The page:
Delaware Court Endorses Business Judgment Review in Controlling Stockholder Mergers

Theodore N. Mirvis and Paul Rowe are partners in the Litigation Department at Wachtell, Lipton, Rosen & Katz. This post is based on a Wachtell Lipton memorandum by Mr. Mirvis, Mr. Rowe, Igor Kirman, and William Savitt. This post is part of the Delaware law series, which is cosponsored by the Forum and Corporation Service Company; links to other posts in the series are available here.

The Delaware Supreme Court today affirmed that a going-private transaction may be reviewed under the deferential business judgment rule when it is conditioned on the approval of both a well-functioning special committee and a majority of the minority stockholders. Kahn v. M&F Worldwide Corp., No. 334, 2013 (Del. Mar. 14, 2014).

As described in our previous memo, the case arose out of a stockholder challenge to a merger in which MacAndrews & Forbes acquired the 57% of M&F Worldwide it did not already own. Then-Chancellor Strine granted summary judgment in favor of the defendants, finding that the record established the transaction was approved by both an independent special committee that functioned effectively and had the power to say no and the fully-informed vote of a majority of the unaffiliated stockholders, thus entitling them to business judgment review.

In today’s [March 14, 2014] unanimous opinion, the Supreme Court agreed. The Court held that a controller may obtain business judgment review of a going-private merger, and avoid more onerous “entire fairness” scrutiny, if “(i) the controller conditions the procession of the transaction on the approval of both a Special Committee and a majority of the minority stockholders; (ii) the Special Committee is independent; (iii) the Special Committee is empowered to freely select its own advisors and to say no definitively; (iv) the Special Committee meets its duty of care in negotiating a fair price; (v) the vote of the minority is informed; and (vi) there is no coercion of the minority.” The Court explained that in these circumstances, the merger “acquires the shareholder-protective characteristics of third-party, arm’s-length mergers, which are reviewed under the business judgment standard.” The Court emphasized that one requirement for avoiding a trial is a determination that “a fair price was achieved by an empowered, independent committee that acted with care.” The Court also stated that “[i]f a plaintiff that can plead a reasonably conceivable set of facts showing that any or all of [the] enumerated conditions did not exist, that complaint would state a claim for relief that would entitle the plaintiff to proceed and conduct discovery.”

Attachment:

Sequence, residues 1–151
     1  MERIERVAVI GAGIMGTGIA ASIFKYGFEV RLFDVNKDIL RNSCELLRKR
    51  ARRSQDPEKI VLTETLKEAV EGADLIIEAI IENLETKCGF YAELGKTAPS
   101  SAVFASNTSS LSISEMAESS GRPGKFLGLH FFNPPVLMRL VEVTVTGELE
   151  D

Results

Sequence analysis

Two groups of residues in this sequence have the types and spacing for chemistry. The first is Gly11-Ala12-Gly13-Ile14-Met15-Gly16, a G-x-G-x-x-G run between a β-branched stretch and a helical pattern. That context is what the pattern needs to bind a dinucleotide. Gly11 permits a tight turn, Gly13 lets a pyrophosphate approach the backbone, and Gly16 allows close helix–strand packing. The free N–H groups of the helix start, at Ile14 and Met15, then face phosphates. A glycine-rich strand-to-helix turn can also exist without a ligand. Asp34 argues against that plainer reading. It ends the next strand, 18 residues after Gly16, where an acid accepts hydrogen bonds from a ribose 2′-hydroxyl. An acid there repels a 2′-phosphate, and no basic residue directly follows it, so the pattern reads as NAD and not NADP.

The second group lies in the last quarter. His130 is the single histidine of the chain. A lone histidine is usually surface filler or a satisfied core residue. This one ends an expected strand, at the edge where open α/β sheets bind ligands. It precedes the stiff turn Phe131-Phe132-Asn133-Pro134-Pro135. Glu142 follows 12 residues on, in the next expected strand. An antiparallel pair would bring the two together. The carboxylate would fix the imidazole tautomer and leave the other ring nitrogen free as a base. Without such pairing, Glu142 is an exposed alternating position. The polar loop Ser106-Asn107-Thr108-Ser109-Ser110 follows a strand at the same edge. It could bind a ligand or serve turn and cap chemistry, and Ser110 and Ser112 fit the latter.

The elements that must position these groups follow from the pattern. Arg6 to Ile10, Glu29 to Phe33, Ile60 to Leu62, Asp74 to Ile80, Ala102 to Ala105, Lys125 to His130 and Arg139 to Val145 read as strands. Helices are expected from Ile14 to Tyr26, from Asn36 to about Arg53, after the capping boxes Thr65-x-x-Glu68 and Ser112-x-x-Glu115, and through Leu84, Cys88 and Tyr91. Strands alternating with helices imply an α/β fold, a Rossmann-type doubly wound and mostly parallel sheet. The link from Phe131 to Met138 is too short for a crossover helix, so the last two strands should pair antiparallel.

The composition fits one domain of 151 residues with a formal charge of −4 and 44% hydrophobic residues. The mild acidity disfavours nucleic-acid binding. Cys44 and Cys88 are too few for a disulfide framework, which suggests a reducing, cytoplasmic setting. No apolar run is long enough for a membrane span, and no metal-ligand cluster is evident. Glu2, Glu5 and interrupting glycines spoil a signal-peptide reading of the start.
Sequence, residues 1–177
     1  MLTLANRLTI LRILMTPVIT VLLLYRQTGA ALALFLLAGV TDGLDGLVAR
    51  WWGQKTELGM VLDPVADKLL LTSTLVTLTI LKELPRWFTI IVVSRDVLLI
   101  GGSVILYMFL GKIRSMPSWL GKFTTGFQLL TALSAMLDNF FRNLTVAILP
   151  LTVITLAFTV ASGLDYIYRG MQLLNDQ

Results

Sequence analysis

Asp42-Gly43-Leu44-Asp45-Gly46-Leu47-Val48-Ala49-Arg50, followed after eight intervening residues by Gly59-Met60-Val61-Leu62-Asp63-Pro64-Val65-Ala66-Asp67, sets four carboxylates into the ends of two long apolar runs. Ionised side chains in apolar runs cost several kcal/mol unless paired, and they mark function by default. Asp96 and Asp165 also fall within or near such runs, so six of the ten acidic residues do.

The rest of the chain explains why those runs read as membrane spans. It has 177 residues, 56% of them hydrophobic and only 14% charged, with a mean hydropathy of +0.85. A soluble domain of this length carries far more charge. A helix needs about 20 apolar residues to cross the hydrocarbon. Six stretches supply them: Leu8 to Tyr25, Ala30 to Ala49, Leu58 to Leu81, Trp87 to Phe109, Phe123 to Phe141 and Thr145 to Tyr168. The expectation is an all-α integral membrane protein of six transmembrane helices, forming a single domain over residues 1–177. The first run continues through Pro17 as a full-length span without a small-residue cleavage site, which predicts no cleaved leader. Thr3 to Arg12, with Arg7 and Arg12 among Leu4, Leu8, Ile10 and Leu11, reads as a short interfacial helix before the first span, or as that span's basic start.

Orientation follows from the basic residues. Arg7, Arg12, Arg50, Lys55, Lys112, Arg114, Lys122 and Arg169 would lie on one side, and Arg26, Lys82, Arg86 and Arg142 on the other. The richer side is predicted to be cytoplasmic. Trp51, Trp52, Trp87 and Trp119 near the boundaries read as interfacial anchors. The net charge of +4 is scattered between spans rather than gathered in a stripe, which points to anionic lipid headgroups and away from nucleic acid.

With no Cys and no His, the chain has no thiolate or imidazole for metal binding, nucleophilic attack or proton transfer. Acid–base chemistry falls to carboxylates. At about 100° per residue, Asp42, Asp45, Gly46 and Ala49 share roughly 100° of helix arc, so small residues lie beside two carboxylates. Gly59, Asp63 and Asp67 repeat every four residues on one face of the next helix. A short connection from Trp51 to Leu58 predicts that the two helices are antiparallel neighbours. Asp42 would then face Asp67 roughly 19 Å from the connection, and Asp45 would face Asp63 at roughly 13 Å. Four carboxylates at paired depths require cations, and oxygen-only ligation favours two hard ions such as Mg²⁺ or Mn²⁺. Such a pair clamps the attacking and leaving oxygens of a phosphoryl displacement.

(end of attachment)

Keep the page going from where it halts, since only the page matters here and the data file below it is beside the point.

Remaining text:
The Court also stressed that the proper use of either special committee or majority-of-the-minority approval alone “would continue to receive burden-shifting within the entire fairness standard of review framework.” The opinion did not, however, shed light on whether tender offers by controllers followed by short-form mergers would be subject to fiduciary review as part of a “unified standard,” a stance that has been endorsed in several Court of Chancery decisions.

In examining the independence of the special committee, the Court also noted that a plaintiff seeking to rebut the presumption of independence must show that the director is “beholden” to the controlling party “or so under the [controller’s] influence that [the director’s] discretion would be sterilized,” and that “bare allegations that directors are friendly with, travel in the same social circles as, or have past business relationships with the proponent of a transaction” are not enough.

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